The mere fact that Defendant Andrx can come up with other plausible and legally permissible explanations as to why it prolonged its entry into the market is to no avail. In Virginia Vermiculite, 156 F.3d at 539-40, the Fourth Circuit Court of Appeals rejected an argument similar to the one Defendants raise here. Reversing the district court's Rule 12(b) (6) dismissal of the plaintiffs' section 1 Sherman Act claims "on the ground that [the plaintiffs] failed to demonstrate a sufficient causal *657 relationship between their alleged injury and the [defendants]' alleged violation of the antitrust laws", id. at 539, the Fourth Circuit found the district court's reasoning faulty because: (1) it failed to appreciate the Supreme Court's observations that "in antitrust cases, where the proof is largely in the hands of the alleged conspirators, dismissals prior to giving the plaintiff ample opportunity for discovery should be granted very sparingly", id. (internal quotes and citations omitted), and (2) the district court misconstrued the nature of the plaintiffs' Sherman Act allegations and failed to appreciate that the defendant was "foreclosed from challenging causation simply on the basis that it could have achieved the same result through lawful means." Id. at 540. Accord, In re Brand Name Prescription Drugs Antitrust Litig., 186 F.3d at 787; Biovail v. Hoechst Aktiengesellschaft, 49 F. Supp. 2d at 767-78 (where the court rejected the same argument Defendants raise here, refused to dismiss plaintiff's antitrust claims under Rule 12(b) (6), and reasoned that, "while it is possible that Andrx is not marketing its generic product because it does not want to risk potential patent infringement damages, it is also certainly possible that Andrx is not marketing its generic product ... because defendants are paying it forty million dollars a year not to do so. This court simply cannot make this call on the pleadings").

 
g. The Other Cases Defendants Rely Upon do not Require a Different Result.

Defendants' reliance on City of Pittsburgh v. West Penn Power Co., 147 F.3d 256 (3rd Cir.1998) is likewise misplaced. In that case, the plaintiff City asserted antitrust claims against the defendant power companies "alleging that the two companies entered into a premerger agreement in restraint of trade and that their proposed merger would substantially lessen competition or tend to create a monopoly" and limit the City's ability to choose to buy power from one company over the other. Id. at 258. The Court affirmed the district court's dismissal of the plaintiff's complaint, pursuant to Rule 12(b) (6), reasoning that the plaintiff failed to state an antitrust claim because "any injury suffered by the City did not flow from the defendants' conduct, but, rather, from the realities of the regulated environment in which all three [parties] were actors." Id. at 265. Central to the Court's decision were the alleged facts that the defendant power companies were never competitors, "the regulatory scheme mandated that they not compete;" and that any attempts to compete "were no more than attempts, with no assurance that competition would be permitted." Id. Thus, the Court concluded, the City's alleged injury, "`[t]he purported lessening of competition', `was not caused by the premerger agreement and proposed merger' of defendant power companies." Id. at 266. Rather, "the City's inability to choose to buy from either [defendant power company] ... is an injury visited upon it by the regulated nature of the utility services, not caused by an agreement between [defendant power companies] to withdraw [one of the company]'s application to be able to compete." Id. The defendant power company needed regulatory approval before it could compete, it did not have that approval, it never competed and thus "any injury to the City did not result from a lessening of competition." Id. The Third Circuit, agreeing with the district court, observed that "it is the structure of the regulated industry, not the defendants' conduct, which creates the lack of competition and under these facts the lack of standing." Id. at 269. The Court went on to observe that "[t]he very essence of our ruling is that the advent of deregulation will likely remove the break in the causal chain so that future utility arrangements in the free market atmosphere may well pass muster for purposes of standing under the antitrust laws." Id. at 269. With the current statutory and regulatory scheme in place, however, the Court concluded that "the City cannot establish the necessary antitrust injury and causal connection between the *658 alleged antitrust violation and its injury." Id.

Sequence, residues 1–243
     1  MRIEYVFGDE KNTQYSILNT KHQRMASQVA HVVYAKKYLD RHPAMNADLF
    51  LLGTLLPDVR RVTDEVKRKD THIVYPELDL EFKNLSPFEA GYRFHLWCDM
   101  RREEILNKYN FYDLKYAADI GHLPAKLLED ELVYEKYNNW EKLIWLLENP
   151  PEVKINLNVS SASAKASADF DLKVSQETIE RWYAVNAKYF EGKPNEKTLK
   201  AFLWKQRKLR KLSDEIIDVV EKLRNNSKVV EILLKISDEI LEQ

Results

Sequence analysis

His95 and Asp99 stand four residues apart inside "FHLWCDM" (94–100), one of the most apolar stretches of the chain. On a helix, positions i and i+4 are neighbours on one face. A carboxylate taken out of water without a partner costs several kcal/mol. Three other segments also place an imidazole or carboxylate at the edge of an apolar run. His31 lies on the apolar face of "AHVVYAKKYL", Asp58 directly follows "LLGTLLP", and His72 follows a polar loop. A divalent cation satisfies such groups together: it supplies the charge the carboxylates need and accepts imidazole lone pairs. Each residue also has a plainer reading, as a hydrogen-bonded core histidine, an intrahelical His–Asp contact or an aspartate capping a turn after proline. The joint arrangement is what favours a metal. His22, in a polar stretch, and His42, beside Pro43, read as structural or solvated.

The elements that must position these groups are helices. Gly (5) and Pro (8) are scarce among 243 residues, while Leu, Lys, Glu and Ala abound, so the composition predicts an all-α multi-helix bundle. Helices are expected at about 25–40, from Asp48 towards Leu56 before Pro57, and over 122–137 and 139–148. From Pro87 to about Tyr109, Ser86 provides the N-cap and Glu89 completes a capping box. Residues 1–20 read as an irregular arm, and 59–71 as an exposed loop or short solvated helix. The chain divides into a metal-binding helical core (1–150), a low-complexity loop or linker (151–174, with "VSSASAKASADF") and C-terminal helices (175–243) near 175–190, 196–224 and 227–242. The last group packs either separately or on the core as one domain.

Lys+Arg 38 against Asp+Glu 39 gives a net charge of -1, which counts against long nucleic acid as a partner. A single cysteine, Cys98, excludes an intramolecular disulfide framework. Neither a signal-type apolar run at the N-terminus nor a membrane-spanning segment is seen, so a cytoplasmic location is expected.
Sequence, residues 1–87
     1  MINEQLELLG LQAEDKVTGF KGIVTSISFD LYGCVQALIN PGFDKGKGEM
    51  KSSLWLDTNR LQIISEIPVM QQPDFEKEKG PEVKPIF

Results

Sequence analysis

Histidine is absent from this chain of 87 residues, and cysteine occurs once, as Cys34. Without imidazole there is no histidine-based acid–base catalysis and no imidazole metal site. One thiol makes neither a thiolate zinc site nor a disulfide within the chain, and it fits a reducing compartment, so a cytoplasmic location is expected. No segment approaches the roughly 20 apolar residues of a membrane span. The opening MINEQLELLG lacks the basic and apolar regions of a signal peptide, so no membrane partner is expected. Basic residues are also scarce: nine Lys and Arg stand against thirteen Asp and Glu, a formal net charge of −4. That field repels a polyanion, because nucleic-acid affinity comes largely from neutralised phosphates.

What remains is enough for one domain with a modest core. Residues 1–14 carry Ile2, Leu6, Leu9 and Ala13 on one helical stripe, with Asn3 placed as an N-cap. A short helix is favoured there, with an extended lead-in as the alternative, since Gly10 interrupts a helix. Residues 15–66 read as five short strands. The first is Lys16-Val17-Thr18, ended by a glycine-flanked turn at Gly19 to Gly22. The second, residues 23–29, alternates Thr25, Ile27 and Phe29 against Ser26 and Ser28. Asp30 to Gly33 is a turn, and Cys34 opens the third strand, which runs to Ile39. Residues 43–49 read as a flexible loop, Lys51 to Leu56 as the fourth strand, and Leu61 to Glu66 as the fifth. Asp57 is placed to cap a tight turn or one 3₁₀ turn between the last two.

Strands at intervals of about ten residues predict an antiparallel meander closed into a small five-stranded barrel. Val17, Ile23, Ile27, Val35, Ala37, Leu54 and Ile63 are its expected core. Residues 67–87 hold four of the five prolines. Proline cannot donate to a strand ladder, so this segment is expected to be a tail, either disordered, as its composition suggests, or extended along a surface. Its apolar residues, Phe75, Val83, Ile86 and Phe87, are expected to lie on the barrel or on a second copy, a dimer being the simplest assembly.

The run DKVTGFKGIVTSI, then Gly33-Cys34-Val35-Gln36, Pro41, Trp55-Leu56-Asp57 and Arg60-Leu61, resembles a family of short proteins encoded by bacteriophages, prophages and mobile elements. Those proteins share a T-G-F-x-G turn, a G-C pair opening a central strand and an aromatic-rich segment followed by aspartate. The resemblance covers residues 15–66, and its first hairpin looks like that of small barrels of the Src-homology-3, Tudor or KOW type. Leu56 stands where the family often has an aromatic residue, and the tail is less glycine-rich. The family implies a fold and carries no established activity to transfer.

The District Court for the District of Columbia recently reached a similar conclusion in a case pending between Andrx and Biovail Corporation International, a Canadian corporation and competitor of Defendants Andrx and HMRI. In Andrx Pharm., Inc. v. Friedman, 83 F. Supp. 2d 179 (D.D.C.2000), the court concluded that Biovail's alleged antitrust injury delayed sales and profits for its generic version of Cardizem CDdid not flow from the HMRI/Andrx Agreement but from two other independent causes: (1) the FDA had not yet approved Biovail's ANDA for its generic version of Cardizem CD; and (2) the "troublesome" statutory scheme (the Hatch-Waxman Amendments) that prohibits Biovail from "marketing a drug until the first ANDA recipient goes to market, and which places no restrictions on when, or even whether, that applicant must go to market." Id. at 185.